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Vijay Iyer’s New Trio Is a Natural Fit. Its Album Is ‘Uneasy.’

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The pianist Vijay Iyer composed the title track for his new trio album “Uneasy” in 2011 for a collaboration with the dancer and choreographer Karole Armitage. It was still a few years before the 2016 presidential campaign when so many of the country’s old wounds and resentments became publicly visible, but he was already feeling some undercurrents moving.

“It was 10 years after September 11th, and after being in New York the whole time, every moment of relative peace felt precarious,” he said recently by phone from his Harlem home. “I’m not just talking about the attack itself, but about all the consequences: the setback, the backlash against color communities, the atmosphere of surveillance and fear.”

“It was the Obama years, so there was a certain exuberance about the possibility and there was also a kind of unease,” he added. “It was a time of the Affordable Care Act and drone wars, gay marriage and mass deportations.” When digital surveillance became a fact of life, as an American-born artist of South Asian descent, he was struck by the feeling “that what Americans like to call freedom is not what it appears to be,” he said.

Another decade has now passed, and the version of “Uneasy” that appears on the album on Friday seems to contain a mixture of fierce thought and rich optimism – a typical mix in Iyer’s work. He is joined by two slightly younger musicians with a considerable number of followers, Linda May Han Oh on bass and Tyshawn Sorey on drums. As improvisers they have a few things in common: the ability to play with a smooth range of motion and radiant clarity in the style of well-trained jazz musicians and at the same time to stir up a kind of twisting inner tension. Crucial to this balance is their ability to connect almost telepathically in real time.

The title track unfolds ominously over more than nine minutes and begins in a dark cloud of doubt. Iyer’s deep piano repetitions float around a slow, odd-numbered pattern. Later, the group shifts up – abruptly, but without completely losing their cohesion – to a faster, charging section with a completely different rhythm. Iyer’s right hand shoots in evasive gestures while Oh holds down the scaffolding, adding action and sizzling to Sorey.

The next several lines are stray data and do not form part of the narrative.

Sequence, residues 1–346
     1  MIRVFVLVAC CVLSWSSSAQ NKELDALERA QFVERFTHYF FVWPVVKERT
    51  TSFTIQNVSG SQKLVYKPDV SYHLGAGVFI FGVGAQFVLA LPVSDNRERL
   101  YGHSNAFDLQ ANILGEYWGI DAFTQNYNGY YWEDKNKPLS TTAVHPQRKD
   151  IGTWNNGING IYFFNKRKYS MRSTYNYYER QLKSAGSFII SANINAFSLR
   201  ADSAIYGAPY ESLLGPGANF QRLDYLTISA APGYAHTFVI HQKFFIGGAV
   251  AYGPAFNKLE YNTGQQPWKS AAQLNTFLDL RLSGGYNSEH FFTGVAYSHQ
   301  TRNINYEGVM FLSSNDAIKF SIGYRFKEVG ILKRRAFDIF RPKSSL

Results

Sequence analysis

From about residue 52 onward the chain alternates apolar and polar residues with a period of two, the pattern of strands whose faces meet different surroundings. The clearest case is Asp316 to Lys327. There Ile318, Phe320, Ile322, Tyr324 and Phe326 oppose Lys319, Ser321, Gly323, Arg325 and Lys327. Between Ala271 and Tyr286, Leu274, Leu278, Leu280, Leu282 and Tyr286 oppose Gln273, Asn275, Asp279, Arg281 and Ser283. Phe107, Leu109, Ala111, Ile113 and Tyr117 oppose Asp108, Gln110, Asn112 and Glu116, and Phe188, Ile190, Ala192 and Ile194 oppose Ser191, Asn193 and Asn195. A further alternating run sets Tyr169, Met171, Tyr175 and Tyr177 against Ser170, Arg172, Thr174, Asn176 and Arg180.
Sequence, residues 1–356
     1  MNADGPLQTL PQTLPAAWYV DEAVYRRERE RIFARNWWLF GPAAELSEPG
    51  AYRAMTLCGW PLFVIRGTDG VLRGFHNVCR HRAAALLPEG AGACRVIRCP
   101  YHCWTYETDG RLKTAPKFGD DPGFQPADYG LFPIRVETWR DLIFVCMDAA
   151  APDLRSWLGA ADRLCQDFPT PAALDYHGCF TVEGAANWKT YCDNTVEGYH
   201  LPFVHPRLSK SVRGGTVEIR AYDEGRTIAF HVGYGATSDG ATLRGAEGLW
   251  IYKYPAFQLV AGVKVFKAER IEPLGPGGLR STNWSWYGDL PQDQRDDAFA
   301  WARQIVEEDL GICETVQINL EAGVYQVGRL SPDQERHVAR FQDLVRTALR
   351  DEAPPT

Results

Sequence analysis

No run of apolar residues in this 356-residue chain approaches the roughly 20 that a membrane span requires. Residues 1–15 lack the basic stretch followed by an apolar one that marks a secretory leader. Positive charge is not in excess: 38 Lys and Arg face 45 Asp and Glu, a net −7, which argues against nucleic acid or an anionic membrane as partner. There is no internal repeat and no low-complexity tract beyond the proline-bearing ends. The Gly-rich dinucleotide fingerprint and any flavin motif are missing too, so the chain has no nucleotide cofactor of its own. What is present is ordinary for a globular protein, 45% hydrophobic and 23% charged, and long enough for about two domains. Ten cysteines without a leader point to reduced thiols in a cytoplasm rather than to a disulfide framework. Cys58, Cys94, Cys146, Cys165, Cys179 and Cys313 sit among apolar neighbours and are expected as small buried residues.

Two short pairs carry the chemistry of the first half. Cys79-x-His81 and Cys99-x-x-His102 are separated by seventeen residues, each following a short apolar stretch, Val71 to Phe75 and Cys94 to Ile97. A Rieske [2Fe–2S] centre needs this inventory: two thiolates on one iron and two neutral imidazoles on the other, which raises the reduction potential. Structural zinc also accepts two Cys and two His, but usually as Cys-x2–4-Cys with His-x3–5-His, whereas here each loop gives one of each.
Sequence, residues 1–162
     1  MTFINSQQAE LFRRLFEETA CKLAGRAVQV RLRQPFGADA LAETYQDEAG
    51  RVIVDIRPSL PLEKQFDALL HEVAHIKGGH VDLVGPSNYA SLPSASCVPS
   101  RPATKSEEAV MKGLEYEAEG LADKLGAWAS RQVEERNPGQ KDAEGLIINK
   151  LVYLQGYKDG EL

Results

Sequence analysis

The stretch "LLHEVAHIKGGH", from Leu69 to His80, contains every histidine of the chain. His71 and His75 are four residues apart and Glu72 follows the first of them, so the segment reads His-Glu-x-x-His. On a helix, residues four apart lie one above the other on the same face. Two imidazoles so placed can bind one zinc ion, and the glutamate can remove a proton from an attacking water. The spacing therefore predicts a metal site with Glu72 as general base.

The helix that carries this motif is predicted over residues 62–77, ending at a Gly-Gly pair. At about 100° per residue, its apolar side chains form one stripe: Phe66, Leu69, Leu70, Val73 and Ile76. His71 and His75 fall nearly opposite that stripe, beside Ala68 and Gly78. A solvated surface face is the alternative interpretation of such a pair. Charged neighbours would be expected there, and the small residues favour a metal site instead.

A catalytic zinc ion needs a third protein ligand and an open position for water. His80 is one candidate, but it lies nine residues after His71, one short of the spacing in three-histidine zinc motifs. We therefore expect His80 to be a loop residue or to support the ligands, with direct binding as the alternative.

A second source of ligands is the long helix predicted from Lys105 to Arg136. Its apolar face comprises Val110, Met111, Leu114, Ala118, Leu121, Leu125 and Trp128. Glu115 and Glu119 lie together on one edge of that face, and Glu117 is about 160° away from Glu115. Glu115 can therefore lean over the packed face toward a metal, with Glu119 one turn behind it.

The trio first came together in 2014 at the Banff International Jazz and Creative Music Workshop, with 49-year-old Iyer and 40-year-old Sorey serving as artistic directors. The two have been working together since 2001 when Sorey Iyer delighted at a rehearsal. During a hiatus, Sorey casually began to noodle on the piano, and Iyer soon noticed that he was playing an excerpt from Iyer’s most recent album. It wasn’t even from the tune of the song; it was part of Iyer’s improvised solo on the recording.

“He was just this 20-year-old,” said Iyer. “So I already knew, oh, this is a real genius here.” (In fact, in recent years, both Iyer and Sorey – known today for his long form compositions as well as his drumming – have received MacArthur Genesis Scholarships. Both have become professors in music at Ivy League institutions.) Sorey joined Iyer and saxophonist Steve Lehman joined the collective trio Fieldwork, and their partnership blossomed.

In 2013, Iyer took over the artistic direction of Banff – a creative enclave in Alberta, Canada where students gather for a three-week improvisation workshop every year – and he invited Sorey to teach by his side every year. Eventually, he formalized their relationship as a partnership and welcomed Sorey as his co-director.